Last modified: 2019-01-12 by ivan sache
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Flag of Roubaix - Image by Ivan Sache, 5 April 2010
The municipality of Roubaix (97,423 inhabitants in 2007, therefore the second biggest municipality by its population in Region Nord-Pas-de- Calais; 1,323 ha) is located near the border with Belgium, east of Lille and south of Tourcoing.
Roubaix was mentioned for the first time in 863, as "Robacum", on
Nicaise Fabius' map, which was reproduced by Sanderus in his Flandria
Illustrata (18th century). In the "villa robacensis", a rural estate
with a manor, lived the noble, blind Dame Thecla; during the night of
18 September 881, St. Eleutherius (d. 532), Bishop of Tournai,
appeared to her and ordered her to go to Tournai and tell his
successor, Bishop Heydilon, that his relics were to be found in the
church of Blandain. The relics were, of course, there and several
miracles occurred, Thecla recovering her vision. Thecla was buried in
the church of Blandain, where a miraculous source emerged near her
The first known lord of Roubaix, Robert, is mostly known by a chart listing him, dated 1047; the local tradition claims, without any evidence, that he belonged to Thecla's lineage. However, the first significant lord of Roubaix was John (lord, 1270-1285), whose castrum (fortress) was noted in Flanders. His son Alard (lord, 1285-1310) supported Count of Flanders Guido of Dampierre against King of France Philip the Handsome; jailed in Falaise (Normandy), he came back to Roubaix after the truce signed in 1303 between Flanders and France. The most famous lord of Roubaix, John III (lord, 1401-1449), fought in the Battle of Roosebeke in 1382 and, subsequently, all over Europe; appointed Chamberlain in 1407, John served the Duke of Burgundy and was awarded the title of Knight of the Golden Fleece in 1430. He obtained in 1414 from Duke of Brugundy John Fearless the title of town for Roubaix and the creation of a Municipal Council.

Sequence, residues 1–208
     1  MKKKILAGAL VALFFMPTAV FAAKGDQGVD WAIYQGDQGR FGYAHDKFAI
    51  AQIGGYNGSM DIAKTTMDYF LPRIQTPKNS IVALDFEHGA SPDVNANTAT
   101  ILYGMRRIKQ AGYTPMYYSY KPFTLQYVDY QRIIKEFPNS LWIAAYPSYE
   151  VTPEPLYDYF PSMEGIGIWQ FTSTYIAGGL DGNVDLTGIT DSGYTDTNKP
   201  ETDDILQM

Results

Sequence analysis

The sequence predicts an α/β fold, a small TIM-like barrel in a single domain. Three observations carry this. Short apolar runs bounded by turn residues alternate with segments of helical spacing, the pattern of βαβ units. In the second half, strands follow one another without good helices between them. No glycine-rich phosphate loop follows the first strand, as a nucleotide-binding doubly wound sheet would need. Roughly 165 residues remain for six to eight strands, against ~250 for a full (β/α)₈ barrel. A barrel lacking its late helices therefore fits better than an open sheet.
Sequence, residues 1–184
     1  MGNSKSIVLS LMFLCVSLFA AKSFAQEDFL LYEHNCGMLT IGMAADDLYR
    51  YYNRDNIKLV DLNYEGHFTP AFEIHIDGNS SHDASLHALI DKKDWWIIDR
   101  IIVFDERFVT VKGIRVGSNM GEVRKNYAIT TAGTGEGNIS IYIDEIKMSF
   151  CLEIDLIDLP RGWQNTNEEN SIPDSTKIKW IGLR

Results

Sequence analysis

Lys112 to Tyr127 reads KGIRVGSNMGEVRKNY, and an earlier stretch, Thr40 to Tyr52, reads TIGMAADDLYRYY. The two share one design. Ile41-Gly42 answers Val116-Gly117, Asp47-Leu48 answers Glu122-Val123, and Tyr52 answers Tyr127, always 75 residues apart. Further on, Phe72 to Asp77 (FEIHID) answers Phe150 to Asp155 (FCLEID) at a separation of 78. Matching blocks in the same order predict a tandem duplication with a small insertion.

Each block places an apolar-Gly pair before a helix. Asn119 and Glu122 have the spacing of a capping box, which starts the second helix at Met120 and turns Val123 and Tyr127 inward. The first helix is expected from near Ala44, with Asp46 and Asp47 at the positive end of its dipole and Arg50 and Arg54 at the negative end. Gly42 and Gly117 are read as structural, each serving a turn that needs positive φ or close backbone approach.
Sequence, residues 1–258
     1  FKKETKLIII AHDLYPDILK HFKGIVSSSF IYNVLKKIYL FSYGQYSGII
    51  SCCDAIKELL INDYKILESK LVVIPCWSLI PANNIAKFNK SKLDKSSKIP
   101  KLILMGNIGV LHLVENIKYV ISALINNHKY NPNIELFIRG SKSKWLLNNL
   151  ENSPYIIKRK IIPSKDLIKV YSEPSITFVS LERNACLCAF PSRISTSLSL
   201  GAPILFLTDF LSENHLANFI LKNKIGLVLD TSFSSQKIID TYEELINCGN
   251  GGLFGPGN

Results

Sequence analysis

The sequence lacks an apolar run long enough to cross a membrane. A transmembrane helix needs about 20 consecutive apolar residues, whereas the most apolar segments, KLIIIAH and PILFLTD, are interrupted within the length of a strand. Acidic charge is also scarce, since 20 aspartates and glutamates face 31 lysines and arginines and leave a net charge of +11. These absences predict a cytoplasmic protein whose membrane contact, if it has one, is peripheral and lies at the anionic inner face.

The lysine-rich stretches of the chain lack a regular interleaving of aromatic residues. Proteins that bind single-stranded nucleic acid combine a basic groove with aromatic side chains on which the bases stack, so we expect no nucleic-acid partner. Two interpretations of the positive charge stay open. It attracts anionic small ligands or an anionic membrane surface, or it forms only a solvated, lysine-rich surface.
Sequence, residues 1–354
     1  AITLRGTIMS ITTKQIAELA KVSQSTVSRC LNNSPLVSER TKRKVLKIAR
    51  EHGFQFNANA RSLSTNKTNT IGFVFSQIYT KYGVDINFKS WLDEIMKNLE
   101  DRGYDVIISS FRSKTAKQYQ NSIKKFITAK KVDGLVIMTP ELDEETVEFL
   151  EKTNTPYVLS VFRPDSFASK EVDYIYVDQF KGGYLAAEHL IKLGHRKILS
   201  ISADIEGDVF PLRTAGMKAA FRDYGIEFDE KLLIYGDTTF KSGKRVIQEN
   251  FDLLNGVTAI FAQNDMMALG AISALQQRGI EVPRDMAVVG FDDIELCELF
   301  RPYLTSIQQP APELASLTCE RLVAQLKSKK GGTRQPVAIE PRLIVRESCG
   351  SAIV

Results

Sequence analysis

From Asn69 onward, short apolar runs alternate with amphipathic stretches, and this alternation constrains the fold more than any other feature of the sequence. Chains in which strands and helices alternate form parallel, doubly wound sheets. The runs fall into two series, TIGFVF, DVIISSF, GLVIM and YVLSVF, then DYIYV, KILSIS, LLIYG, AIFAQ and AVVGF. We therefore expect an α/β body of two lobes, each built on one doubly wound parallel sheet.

Lord Peter of Roubaix obtained in 1469 from Duke of Burgundy Charles
the Bold the permission to manufacture cloth, which was confirmed in
1564. In the 17th-18th centuries, cloth-making family workshops
developed, the biggest of them being owned by emerging dynasties of
manufacturers-traders. The population of the town reached 8,000 in
1800; steam engines were introduced in 1820 by the Grimonprez-
Bulteau factory, and their number increased to 29 in 1834, 113 in
1857 and 250 in 1872, yielding to Roubaix the nickname of the "1000-
Chimneys Town". Mechanization increased with the introduction in 1843
of the "self-acting mules" by Louis Motte-Bossut. At the end of the
19th century, Roubaix, known as the "Manchester of Cloth", was one of
the world capital of cloth: eight manufactures presented their
production at the Paris World Fair in 1889. Considered as the European
center of cloth-making, Roubaix was visited in 1911 by President of
the Republic Armand Fallières and housed the same year the Cloth-
Making International Exhibition.
Ruined by the First World War, the cloth industry reemerged at Roubaix in the 1920s, but was again hit by the 1929 crisis and the 1931-1932 strikes. In the same time, Jean Lebas, Mayor of Roubaix from 1912 to 1940, pushed several social innovations, such as school's canteens, school's outdoor centers (centres aérés, the first in France) and council flats (habitations à bon marché).
In the 1960s, cloth industry was hit again by the crisis. In 2000, most factories had disappeared, for instance Motte-Bossut, founded in 1843 and closed in 1981, and the emblematic La Lainière de Roubaix, founded in 1912 by the Prouvost dynasty and closed in 1999. Roubaix moved over into new methods of marketing, becoming the French capital of mail-order sailing (La Redoute).
[Société d'Émulation de Roubaix; Histoire de Roubaix on]
At the end of the 19th century, the two cloth-makers Maurice Pérez and Théophile Vienne funded the building of a velodrome in Roubaix. In 1896, they decided to organize a race starting from Paris and finishing in the velodrome, which was unusual at the time, all the